Kyle Busch’s fast start to the 2019 NASCAR season has been well-documented. Through the first nine races in the Monster Energy NASCAR Cup Series, he has earned three wins, six top fives and nine top 10s. He has also led 599 laps and posted an average finish of 3.9. As great as Busch’s 2018 season was, 2019 is shaping up to be even better.
In fact, Busch could be on pace for a historic season. If he keeps up this level of performance, he can finish the year with 12 wins, 24 top fives and 36 top 10s. In the hyper-competitive world of NASCAR, where minor mistakes can make a big impact on finishing position, earning a top 10 finish every single week isn’t realistic. But it is not so far-fetched to believe that Busch can have 12 Cup Series wins in 2019. By the end of the year, he could be close to challenging a NASCAR record.
Since the beginning of NASCAR’s modern era in 1972, no driver has won more than 13 races in a single season. Richard Petty was the first to set the current record in 1975. During the 30-race Cup Series season, Petty won 13 times and posted an average finish of 6.6. He also claimed his sixth Cup Series championship. In 1998, Jeff Gordon scored 13 wins on his way to his third Cup Series title. Gordon and Petty have held the record jointly ever since.
Gordon’s 1998 season, in particular, is often held up as the greatest single-season performance of the Modern Era. To go along with his wins, Gordon claimed 26 top fives, 28 top 10s and seven poles in 33 races. His average finish of 5.7 just surpasses Petty’s from 1975.
It was a truly remarkable season for Gordon, especially because of the limited success of his closest peers. For instance, Hendrick Motorsports won only one other race that year, courtesy of Terry Labonte at Richmond Raceway. Chevrolet as a whole won only two additional races: Dale Earnhardt’s long-awaited triumph in the Daytona 500 and Bobby Hamilton’s dominant victory at Martinsville Speedway. Drivers like Dale Jarrett, Rusty Wallace, Jeff Burton and particularly, Mark Martin all had fine seasons. Martin won seven times in 1998, a personal best.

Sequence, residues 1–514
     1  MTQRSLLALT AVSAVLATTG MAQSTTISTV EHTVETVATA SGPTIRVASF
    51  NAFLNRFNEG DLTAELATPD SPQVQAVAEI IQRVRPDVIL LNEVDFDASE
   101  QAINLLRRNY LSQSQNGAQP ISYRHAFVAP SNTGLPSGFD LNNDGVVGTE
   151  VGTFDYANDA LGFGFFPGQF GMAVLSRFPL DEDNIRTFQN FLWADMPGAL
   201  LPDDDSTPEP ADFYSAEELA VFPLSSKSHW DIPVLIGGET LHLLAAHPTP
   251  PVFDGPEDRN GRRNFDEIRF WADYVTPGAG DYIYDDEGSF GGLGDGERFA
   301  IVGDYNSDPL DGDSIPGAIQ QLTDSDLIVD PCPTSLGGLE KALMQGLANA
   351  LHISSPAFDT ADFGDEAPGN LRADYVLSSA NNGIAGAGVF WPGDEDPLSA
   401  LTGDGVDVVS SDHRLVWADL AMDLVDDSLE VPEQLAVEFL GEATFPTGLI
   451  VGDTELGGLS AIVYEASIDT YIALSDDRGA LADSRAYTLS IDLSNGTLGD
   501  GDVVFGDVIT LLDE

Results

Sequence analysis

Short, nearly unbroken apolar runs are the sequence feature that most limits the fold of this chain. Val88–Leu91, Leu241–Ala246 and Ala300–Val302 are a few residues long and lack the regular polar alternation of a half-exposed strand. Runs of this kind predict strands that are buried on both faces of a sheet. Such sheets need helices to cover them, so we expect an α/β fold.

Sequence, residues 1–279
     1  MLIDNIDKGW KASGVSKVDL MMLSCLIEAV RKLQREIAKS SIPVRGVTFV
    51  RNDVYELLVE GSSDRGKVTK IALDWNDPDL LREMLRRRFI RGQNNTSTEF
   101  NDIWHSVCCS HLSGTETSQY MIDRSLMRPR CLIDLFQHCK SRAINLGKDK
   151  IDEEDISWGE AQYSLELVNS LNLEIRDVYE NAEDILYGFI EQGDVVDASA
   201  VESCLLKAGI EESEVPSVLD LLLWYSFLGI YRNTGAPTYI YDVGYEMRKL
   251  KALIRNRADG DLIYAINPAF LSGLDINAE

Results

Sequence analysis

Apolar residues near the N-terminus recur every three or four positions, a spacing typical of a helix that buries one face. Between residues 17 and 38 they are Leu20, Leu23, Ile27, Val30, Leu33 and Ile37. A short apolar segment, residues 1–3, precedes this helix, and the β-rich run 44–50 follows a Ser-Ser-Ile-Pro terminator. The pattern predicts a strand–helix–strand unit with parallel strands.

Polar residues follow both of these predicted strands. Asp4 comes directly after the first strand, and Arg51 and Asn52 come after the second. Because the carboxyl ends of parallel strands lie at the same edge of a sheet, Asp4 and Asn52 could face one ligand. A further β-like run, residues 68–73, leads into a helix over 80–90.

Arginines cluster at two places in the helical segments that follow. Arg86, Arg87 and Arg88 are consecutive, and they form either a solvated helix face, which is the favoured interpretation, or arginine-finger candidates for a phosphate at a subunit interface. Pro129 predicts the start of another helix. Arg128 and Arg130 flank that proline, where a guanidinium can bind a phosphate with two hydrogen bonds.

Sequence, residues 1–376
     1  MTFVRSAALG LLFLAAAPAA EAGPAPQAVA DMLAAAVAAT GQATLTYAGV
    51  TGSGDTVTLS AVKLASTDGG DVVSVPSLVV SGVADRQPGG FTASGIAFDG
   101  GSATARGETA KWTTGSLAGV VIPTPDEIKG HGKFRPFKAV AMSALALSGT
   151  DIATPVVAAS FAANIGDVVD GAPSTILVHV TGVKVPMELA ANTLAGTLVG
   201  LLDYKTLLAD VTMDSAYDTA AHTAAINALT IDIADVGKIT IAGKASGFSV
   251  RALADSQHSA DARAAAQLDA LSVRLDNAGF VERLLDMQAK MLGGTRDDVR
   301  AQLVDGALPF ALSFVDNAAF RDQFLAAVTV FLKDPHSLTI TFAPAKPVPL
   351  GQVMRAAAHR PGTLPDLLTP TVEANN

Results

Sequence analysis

But no one could touch Gordon and the No. 24 team, who beat Martin for the championship by 364 points. Under the Latford System, that equals about two full races worth of points.
Is Busch truly on pace to have a season of that caliber? Can he win with enough frequency to break a record that has only been matched once in 44 years? Not to mention that Busch has to deal with the playoffs. He cannot expect to win the championship by building up a big points lead for late in the season. Does the looming threat of the playoffs make it more or less likely that Busch will break Gordon and Petty’s record?
If there is any lesson that Busch can draw from Gordon in 1998, it is that the No. 24 team did not rest on its laurels. Fans might be surprised to learn that, nine races into the 1998 season, Gordon was not leading the points. While he had earned his first two wins of the season at Rockingham and Bristol, he also got swept up in an early accident at Texas Motor Speedway. The poor finish there, plus a few other mid-pack results, left Gordon 98 points behind Wallace for the lead.